The Affordable Care Act (ACA) marketplace improved coverage and access to care among previously uninsured adults, new research from Harvard Medical School and the Harvard T.H. Chan School of Public Health has found.
For the study, published in Health Affairs, researchers reviewed data on adults who had been uninsured for at least six months in the year before implementation of major ACA policies. After ACA implementation, uninsurance rates among previously uninsured adults fell by 11 percentage points.
Researchers also found improvements in medical service use, access, and diagnosis of certain chronic conditions. The proportion of adults reporting difficulty accessing necessary care decreased by 2 percentage points, while hospital stays became 2.5 percent more likely; emergency department use remained the same.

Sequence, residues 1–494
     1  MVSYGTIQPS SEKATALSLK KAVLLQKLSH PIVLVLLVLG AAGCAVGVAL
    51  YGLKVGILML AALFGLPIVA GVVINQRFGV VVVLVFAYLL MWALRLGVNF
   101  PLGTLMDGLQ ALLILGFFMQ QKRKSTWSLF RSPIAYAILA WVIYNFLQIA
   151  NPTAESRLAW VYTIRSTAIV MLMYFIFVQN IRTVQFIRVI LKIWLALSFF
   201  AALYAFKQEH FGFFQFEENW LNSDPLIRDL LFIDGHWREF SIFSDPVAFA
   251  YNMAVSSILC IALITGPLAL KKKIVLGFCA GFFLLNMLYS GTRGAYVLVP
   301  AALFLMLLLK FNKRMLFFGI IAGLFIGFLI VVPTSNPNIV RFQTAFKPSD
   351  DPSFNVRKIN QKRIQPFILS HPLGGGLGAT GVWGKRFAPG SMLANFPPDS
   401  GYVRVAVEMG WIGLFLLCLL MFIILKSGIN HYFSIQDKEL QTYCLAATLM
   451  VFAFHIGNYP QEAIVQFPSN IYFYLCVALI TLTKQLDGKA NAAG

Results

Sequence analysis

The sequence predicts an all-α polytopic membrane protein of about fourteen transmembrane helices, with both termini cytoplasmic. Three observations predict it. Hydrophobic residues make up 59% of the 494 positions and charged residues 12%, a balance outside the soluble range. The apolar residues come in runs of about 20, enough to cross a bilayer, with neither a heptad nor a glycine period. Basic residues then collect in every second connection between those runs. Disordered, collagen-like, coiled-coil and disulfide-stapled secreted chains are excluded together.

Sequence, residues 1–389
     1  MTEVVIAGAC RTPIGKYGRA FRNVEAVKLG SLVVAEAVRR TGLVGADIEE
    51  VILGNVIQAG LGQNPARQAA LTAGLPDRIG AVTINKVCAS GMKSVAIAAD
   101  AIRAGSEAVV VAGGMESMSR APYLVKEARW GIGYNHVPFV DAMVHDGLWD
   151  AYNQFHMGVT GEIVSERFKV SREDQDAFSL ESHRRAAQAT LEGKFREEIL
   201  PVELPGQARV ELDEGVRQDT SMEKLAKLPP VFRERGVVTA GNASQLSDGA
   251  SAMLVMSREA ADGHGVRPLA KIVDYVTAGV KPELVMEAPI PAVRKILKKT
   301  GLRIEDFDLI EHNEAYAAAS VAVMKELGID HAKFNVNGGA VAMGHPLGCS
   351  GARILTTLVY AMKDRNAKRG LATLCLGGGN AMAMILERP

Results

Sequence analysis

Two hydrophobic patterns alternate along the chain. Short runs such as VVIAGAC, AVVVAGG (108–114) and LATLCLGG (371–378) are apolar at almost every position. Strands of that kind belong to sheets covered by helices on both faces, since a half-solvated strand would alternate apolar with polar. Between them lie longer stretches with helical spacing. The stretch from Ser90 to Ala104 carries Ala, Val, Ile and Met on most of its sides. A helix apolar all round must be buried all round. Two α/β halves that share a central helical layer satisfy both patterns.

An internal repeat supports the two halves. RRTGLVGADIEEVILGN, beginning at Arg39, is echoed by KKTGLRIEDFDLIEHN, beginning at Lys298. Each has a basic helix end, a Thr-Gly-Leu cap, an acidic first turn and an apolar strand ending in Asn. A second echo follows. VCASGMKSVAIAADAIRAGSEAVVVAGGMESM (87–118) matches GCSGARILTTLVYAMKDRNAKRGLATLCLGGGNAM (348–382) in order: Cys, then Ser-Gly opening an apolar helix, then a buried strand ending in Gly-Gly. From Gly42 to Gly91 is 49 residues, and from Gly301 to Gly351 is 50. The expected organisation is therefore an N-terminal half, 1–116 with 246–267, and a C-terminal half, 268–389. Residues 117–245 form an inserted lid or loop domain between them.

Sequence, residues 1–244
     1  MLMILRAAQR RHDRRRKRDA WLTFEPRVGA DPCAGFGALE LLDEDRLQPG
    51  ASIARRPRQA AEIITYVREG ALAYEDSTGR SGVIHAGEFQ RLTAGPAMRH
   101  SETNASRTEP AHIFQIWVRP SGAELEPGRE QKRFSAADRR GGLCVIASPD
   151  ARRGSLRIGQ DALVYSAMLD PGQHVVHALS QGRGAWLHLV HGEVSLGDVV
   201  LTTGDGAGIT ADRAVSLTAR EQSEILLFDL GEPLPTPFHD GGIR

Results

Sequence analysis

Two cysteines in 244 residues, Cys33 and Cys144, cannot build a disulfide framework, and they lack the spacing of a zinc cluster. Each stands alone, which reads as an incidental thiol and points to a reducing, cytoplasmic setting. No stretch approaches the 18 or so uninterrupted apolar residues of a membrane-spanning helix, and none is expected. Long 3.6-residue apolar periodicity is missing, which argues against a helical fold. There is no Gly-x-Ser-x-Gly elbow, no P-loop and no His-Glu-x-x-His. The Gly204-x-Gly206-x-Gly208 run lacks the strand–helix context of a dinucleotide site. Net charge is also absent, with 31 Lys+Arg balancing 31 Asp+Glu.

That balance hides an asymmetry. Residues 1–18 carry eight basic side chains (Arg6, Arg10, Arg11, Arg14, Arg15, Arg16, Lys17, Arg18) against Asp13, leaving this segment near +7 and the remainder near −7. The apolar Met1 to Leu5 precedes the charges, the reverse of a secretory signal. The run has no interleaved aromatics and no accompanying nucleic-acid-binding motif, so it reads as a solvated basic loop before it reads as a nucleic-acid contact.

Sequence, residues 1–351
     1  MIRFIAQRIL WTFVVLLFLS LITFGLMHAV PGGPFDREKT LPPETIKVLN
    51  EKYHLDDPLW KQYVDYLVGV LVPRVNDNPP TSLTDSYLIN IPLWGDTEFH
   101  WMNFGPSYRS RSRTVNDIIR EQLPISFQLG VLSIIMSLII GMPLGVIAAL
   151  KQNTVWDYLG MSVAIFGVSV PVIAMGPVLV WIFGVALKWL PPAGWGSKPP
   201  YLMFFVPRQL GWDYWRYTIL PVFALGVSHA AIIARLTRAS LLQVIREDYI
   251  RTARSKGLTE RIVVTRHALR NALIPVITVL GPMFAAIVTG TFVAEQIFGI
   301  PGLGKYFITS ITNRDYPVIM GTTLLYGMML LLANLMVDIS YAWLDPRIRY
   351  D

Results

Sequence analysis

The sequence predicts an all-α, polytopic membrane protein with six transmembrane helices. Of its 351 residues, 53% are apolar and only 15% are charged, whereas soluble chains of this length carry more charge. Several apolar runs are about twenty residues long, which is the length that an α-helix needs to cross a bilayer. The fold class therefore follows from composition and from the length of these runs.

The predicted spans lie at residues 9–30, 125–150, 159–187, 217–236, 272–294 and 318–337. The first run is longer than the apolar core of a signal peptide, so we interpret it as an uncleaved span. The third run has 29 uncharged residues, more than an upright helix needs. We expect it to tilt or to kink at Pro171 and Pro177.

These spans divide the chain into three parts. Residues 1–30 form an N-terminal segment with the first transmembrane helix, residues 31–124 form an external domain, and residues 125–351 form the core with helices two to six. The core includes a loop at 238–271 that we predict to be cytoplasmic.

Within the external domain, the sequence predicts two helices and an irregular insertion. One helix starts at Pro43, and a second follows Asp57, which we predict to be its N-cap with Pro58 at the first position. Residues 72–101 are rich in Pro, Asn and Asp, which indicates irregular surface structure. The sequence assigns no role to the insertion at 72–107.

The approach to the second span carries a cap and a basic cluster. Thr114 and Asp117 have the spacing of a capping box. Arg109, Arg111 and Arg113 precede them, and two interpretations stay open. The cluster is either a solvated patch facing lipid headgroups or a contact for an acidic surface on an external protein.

The study found lower-income adults who were eligible for subsidized premiums and cost-sharing assistance through the marketplace showed particularly significant improvement, as demonstrated in increased outpatient visits and prescriptions filled.
Anna Goldman, MD, lead researcher on the study and a primary care physician at association member Cambridge Health Alliance, explained, “Our findings suggest that subsidized insurance through the ACA’s marketplace had a range of positive impacts for lower- and middle-income adults who lacked insurance prior to the ACA. Our study shows that the ACA succeeded in improving outcomes for this vulnerable population.”